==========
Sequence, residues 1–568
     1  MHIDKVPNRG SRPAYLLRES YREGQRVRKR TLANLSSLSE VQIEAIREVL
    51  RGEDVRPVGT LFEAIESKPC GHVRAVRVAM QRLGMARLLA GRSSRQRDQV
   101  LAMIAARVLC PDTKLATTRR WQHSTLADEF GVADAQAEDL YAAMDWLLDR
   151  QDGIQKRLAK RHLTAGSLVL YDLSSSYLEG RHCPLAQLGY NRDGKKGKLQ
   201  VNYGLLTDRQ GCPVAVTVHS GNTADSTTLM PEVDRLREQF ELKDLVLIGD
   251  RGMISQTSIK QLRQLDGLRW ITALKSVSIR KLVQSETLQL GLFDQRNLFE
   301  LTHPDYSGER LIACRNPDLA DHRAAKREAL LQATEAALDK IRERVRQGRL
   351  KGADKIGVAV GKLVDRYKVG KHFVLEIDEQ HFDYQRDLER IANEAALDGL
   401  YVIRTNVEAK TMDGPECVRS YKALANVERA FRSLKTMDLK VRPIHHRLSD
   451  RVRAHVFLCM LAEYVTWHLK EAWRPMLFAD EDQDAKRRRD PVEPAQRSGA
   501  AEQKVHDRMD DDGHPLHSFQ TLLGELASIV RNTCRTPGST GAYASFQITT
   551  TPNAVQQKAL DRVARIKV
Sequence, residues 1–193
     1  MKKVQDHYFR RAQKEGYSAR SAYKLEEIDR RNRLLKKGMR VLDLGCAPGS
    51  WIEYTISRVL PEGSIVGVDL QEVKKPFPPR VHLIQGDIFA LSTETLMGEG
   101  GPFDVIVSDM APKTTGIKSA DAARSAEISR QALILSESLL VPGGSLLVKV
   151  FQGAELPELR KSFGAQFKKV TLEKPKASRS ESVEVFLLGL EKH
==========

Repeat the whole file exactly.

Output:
Sequence, residues 1–568
     1  MHIDKVPNRG SRPAYLLRES YREGQRVRKR TLANLSSLSE VQIEAIREVL
    51  RGEDVRPVGT LFEAIESKPC GHVRAVRVAM QRLGMARLLA GRSSRQRDQV
   101  LAMIAARVLC PDTKLATTRR WQHSTLADEF GVADAQAEDL YAAMDWLLDR
   151  QDGIQKRLAK RHLTAGSLVL YDLSSSYLEG RHCPLAQLGY NRDGKKGKLQ
   201  VNYGLLTDRQ GCPVAVTVHS GNTADSTTLM PEVDRLREQF ELKDLVLIGD
   251  RGMISQTSIK QLRQLDGLRW ITALKSVSIR KLVQSETLQL GLFDQRNLFE
   301  LTHPDYSGER LIACRNPDLA DHRAAKREAL LQATEAALDK IRERVRQGRL
   351  KGADKIGVAV GKLVDRYKVG KHFVLEIDEQ HFDYQRDLER IANEAALDGL
   401  YVIRTNVEAK TMDGPECVRS YKALANVERA FRSLKTMDLK VRPIHHRLSD
   451  RVRAHVFLCM LAEYVTWHLK EAWRPMLFAD EDQDAKRRRD PVEPAQRSGA
   501  AEQKVHDRMD DDGHPLHSFQ TLLGELASIV RNTCRTPGST GAYASFQITT
   551  TPNAVQQKAL DRVARIKV
Sequence, residues 1–193
     1  MKKVQDHYFR RAQKEGYSAR SAYKLEEIDR RNRLLKKGMR VLDLGCAPGS
    51  WIEYTISRVL PEGSIVGVDL QEVKKPFPPR VHLIQGDIFA LSTETLMGEG
   101  GPFDVIVSDM APKTTGIKSA DAARSAEISR QALILSESLL VPGGSLLVKV
   151  FQGAELPELR KSFGAQFKKV TLEKPKASRS ESVEVFLLGL EKH